Is the park dog-friendly?
Yes, Mount Douglas Park is dog-friendly, but specific regulations are in place. Dogs must be on a leash in certain areas and are restricted in specific areas from May 1 to Aug 31. Be sure to follow park signage and local bylaws regarding pets.

How challenging are the hiking trails?
The hiking trails at Mount Douglas Park vary in difficulty from easy to challenging. Some trails are gentle and suitable for families, while others are steep and more suited for experienced hikers. The park offers trails for all fitness levels.

Can I have a picnic in the park?
Yes, picnicking is a popular activity in Mount Douglas Park. There are designated picnic areas with tables. Remember to pack out all your garbage and leave no trace.

Is there a parking fee?
There is no fee for parking at Mount Douglas Park. However, parking spaces can be limited, especially on weekends and holidays, so consider arriving early or using alternative transportation.

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The Summit Experience at Mount Douglas Park

Rugged trail leading to the summit of Mount Douglas with a bench and clear skies above, presenting a scenic hiking challenge.

At its highest point, Mount Douglas is 225m (738ft). There are two ways to reach the top.

Hiking Trails

There are a few ways to get to the top, all of which start off easy and get more difficult as you gain elevation through the zones. Although it is not a difficult hike for most people who have adequate gear and are in good shape, the trails towards the top are not easy, as they get steep, and the footing is loose, so you may have to do some basic scrambling. 

Your hike may look different depending on which route you take, but here’s a rough idea of what to expect when reaching the top from the main parking lot.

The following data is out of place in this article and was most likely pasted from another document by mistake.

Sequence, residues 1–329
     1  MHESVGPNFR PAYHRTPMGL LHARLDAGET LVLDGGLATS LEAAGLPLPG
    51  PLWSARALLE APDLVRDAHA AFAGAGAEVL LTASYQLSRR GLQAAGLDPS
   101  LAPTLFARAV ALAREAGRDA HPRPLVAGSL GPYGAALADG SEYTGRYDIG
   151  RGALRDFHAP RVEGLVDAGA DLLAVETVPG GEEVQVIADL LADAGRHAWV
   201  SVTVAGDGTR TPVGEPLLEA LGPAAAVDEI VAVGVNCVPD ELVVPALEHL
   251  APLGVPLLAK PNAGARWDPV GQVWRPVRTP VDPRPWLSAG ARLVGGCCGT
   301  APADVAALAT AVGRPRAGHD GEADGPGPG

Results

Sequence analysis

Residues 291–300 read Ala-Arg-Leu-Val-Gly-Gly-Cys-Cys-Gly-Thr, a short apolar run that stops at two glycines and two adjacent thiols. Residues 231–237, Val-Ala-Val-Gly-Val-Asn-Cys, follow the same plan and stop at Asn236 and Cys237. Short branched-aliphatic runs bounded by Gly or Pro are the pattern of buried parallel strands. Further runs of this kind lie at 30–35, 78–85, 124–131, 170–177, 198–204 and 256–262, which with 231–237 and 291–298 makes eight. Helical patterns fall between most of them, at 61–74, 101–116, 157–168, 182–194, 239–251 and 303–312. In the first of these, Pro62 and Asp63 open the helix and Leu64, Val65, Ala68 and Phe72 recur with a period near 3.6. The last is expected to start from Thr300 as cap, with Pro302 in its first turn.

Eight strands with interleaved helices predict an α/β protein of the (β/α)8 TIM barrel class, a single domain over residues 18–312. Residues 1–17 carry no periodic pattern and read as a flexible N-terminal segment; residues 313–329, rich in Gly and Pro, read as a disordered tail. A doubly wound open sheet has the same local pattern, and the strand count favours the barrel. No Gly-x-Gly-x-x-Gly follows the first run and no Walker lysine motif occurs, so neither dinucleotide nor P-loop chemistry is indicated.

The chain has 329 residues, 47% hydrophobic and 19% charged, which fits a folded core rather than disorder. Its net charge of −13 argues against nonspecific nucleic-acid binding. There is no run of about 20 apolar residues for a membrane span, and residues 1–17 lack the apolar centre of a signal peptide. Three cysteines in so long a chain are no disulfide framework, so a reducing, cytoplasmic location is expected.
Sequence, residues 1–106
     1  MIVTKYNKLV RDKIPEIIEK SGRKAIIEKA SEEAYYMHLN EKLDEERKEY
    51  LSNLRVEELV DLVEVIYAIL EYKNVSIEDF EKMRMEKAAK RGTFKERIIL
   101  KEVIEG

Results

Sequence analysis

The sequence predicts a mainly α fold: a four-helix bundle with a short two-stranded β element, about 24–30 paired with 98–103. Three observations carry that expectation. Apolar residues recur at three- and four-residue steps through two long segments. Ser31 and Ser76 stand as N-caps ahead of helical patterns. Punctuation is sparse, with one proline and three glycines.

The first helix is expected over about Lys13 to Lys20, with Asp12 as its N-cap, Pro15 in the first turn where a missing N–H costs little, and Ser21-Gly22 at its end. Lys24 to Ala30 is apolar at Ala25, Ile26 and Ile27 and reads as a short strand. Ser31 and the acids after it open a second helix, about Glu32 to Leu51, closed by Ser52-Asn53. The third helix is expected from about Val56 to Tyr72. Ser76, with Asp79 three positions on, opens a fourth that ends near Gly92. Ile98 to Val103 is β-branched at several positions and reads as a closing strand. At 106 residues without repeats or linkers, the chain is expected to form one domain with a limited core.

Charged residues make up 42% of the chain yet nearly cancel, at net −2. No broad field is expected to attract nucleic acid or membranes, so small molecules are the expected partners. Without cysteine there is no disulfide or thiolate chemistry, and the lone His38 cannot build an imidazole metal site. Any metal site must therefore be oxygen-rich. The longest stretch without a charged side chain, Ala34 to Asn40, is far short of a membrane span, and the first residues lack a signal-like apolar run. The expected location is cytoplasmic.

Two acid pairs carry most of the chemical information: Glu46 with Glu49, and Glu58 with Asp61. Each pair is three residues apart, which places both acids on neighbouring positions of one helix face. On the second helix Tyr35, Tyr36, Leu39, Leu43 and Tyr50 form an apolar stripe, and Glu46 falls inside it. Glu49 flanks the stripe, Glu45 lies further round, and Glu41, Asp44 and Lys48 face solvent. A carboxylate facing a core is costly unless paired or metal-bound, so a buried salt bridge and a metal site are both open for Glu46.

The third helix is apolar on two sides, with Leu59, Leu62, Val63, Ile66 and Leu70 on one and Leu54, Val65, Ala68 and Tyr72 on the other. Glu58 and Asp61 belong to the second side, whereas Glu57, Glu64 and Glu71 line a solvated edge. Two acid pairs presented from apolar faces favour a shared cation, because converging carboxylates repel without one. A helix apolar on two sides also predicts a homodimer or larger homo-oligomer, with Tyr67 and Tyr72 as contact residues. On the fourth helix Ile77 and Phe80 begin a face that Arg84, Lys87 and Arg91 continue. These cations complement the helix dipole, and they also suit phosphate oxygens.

Length: 5.5 km
Time: 2hrs
Elev. Gain: 229m

Other than the road up, there are no easy trails that reach the top of Mount Doug.

The upper parking lot at Mount Douglas, featuring a viewing area where people are gathered, overlooking a dramatic sky and the distant horizon.

Drive or Bike to the top – Churchill Drive

The road opens to cars at 12:00 p.m. and closes just after dusk, allowing pedestrians and bikes to safely use it during the morning hours.

The narrow paved road starts at Cedar Hill Road and takes you to a concrete patio lookout with benches and bike racks. The parking lot is small, but there are reserved handicap spots, making the view accessible to everyone.

The lookout faces southwest, making it a wonderful place to watch sunsets. However, to experience the full 360-degree, you can hike up a short trail to the octagon lookout. 

Wide-angle view from the Mount Douglas summit, featuring the directional compass and protective walls with stunning views of the sky and landscape.

What is the Concrete octagon at the top of Mount Douglas?